During the next few years, servicing the national debt will be cheaper than at any time in the past half century when measured against the size of the economy, according to the Congressional Budget Office. That's because yields on $21 trillion Treasuries plummeted to record lows as the pandemic gripped the U.S. early last year even as the supply of debt surged to a record, according to data compiled by Bloomberg.
The favorable trend was disrupted last March when the benchmark 10-year Treasury yield surged to 1.195% from 0.543% even as the Fed and Treasury were providing investors with assurances that credit would remain easy indefinitely. Within a month, the yield returned to 0.584% but the resulting 83% increase in implied volatility was a serious reflection of the market's dysfunction, which is something Yellen will have to address.
Whether she is smarter or luckier, investors under the Yellen-led Fed enjoyed the greatest stability. The stock market, according to the VIX Index, which measures investor bets on future price fluctuations, showed the most confidence during Yellen's four-year term, at 15%; followed by Greenspan, 19%; Bernanke, 21%; and her successor Jerome Powell, 22%.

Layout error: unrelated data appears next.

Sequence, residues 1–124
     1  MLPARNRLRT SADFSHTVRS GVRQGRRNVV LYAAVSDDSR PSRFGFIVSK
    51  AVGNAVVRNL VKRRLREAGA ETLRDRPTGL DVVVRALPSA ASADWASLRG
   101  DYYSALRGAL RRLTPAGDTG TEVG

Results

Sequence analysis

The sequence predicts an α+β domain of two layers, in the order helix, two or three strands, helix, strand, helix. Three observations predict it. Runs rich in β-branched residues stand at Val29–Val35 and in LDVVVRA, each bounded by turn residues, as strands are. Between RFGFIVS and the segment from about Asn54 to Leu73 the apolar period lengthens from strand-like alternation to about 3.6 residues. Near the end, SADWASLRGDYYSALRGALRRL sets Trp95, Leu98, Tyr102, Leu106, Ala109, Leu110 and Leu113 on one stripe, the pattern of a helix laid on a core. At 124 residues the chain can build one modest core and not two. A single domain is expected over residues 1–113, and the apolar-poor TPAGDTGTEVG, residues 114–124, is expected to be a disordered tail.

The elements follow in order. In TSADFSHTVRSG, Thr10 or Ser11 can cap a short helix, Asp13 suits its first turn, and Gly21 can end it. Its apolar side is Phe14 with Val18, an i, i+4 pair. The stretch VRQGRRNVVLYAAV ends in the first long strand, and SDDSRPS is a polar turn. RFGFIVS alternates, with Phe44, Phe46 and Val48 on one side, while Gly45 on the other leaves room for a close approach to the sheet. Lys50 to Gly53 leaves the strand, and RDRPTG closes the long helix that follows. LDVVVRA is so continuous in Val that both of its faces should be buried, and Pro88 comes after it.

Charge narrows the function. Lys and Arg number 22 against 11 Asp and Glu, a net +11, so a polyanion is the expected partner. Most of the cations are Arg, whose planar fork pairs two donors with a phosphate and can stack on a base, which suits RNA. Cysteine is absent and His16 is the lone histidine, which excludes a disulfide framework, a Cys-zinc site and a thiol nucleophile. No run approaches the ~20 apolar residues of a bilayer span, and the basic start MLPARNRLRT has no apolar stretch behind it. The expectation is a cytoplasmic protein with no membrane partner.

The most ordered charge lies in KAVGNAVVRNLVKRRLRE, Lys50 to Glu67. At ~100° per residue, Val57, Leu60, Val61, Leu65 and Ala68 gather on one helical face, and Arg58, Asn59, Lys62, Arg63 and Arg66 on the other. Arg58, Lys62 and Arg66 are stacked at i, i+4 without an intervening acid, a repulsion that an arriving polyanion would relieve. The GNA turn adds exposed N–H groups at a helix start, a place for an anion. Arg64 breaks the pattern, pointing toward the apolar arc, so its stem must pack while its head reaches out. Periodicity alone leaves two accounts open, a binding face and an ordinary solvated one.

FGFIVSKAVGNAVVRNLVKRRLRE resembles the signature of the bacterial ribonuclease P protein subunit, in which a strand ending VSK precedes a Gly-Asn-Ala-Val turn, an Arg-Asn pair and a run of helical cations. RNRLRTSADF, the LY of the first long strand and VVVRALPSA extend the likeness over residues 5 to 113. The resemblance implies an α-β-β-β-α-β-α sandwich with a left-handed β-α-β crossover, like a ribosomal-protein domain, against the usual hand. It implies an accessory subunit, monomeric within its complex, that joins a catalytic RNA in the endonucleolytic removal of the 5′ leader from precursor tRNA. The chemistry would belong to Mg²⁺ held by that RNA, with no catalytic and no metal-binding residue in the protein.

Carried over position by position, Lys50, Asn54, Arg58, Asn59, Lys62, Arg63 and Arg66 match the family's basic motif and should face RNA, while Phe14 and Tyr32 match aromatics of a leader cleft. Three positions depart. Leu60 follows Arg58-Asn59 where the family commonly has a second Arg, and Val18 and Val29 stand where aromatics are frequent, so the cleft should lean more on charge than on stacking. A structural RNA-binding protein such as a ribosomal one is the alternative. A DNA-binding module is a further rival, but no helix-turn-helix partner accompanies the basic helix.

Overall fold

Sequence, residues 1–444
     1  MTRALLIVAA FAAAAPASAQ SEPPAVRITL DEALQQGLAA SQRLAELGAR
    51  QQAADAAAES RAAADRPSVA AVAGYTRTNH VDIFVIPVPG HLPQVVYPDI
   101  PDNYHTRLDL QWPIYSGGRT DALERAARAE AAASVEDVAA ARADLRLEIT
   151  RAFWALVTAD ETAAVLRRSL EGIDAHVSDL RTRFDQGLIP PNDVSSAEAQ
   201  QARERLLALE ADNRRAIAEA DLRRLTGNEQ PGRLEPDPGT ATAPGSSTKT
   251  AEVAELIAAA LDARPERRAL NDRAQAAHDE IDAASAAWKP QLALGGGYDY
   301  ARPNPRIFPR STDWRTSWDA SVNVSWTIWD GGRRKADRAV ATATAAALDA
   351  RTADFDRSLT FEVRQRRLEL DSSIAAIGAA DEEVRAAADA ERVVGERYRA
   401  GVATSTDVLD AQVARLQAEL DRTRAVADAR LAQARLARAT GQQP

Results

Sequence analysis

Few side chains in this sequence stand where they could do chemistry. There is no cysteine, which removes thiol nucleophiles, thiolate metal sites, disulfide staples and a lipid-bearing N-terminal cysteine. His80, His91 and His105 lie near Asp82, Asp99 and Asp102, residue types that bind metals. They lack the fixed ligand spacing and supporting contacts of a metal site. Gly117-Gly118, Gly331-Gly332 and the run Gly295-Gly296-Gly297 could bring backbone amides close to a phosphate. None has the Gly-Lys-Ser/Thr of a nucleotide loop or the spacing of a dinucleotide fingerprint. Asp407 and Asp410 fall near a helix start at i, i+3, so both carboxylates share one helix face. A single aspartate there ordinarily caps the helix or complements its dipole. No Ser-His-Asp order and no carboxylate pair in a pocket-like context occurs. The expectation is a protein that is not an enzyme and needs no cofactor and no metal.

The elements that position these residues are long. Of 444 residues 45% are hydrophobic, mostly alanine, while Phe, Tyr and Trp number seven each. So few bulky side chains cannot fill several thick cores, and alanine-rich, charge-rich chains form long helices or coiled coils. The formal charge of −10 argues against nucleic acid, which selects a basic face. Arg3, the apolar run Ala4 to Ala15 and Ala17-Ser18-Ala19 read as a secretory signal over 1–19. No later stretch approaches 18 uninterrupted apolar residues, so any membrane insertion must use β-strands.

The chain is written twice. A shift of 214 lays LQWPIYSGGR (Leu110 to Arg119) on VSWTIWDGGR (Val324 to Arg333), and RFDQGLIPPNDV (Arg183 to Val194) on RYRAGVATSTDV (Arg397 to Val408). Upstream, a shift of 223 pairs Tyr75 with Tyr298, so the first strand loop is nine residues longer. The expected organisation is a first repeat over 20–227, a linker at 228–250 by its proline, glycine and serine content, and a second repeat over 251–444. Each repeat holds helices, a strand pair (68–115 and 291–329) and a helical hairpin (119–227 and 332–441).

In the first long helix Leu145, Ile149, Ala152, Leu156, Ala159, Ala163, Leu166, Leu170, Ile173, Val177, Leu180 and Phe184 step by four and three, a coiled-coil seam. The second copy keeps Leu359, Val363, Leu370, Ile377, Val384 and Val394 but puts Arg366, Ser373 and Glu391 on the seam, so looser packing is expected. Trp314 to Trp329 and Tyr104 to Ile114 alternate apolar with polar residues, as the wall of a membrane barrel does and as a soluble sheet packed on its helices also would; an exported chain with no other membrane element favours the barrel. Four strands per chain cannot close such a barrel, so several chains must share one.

The economy under Yellen also was at its most stable with an average jobless rate of 5.1%, followed by Powell's 5.3%, Greenspan's 5.6% and Bernanke's 7.2%, according to data compiled by Bloomberg.
Although Treasury Secretary Yellen acknowledges the risk of rapid inflation from a robust fiscal policy that Summers is raising, she told CNN there is a far greater risk “that we leave workers and communities scarred by the pandemic and the economic toll that it’s taken, that we don’t do enough to address the pandemic and the public health issues, that we don’t get our kids back to school.’’
There is no guarantee the Yellen winning streak will continue. As the pandemic has shown, unforeseen disasters can quickly turn everything upside down. But no other high-ranking official has had as reassuring a track record in dealing with our era’s most challenging economic crises.
This column does not necessarily reflect the opinion of the editorial board or Bloomberg LP and its owners.
Matthew A. Winkler is Co-founder of Bloomberg News (1990) and Editor-in-Chief Emeritus; Bloomberg Opinion Columnist since 2015; Co-founder of Bloomberg Business Journalism Diversity Program in 2017. During his 25 years as Editor-in-Chief, Bloomberg News was a three-time finalist and winner of the Pulitzer Prize for Explanatory Reporting and received numerous George Polk, Gerald Loeb, Overseas Press Club and Society of Professional Journalists and Editors (Sabew) awards.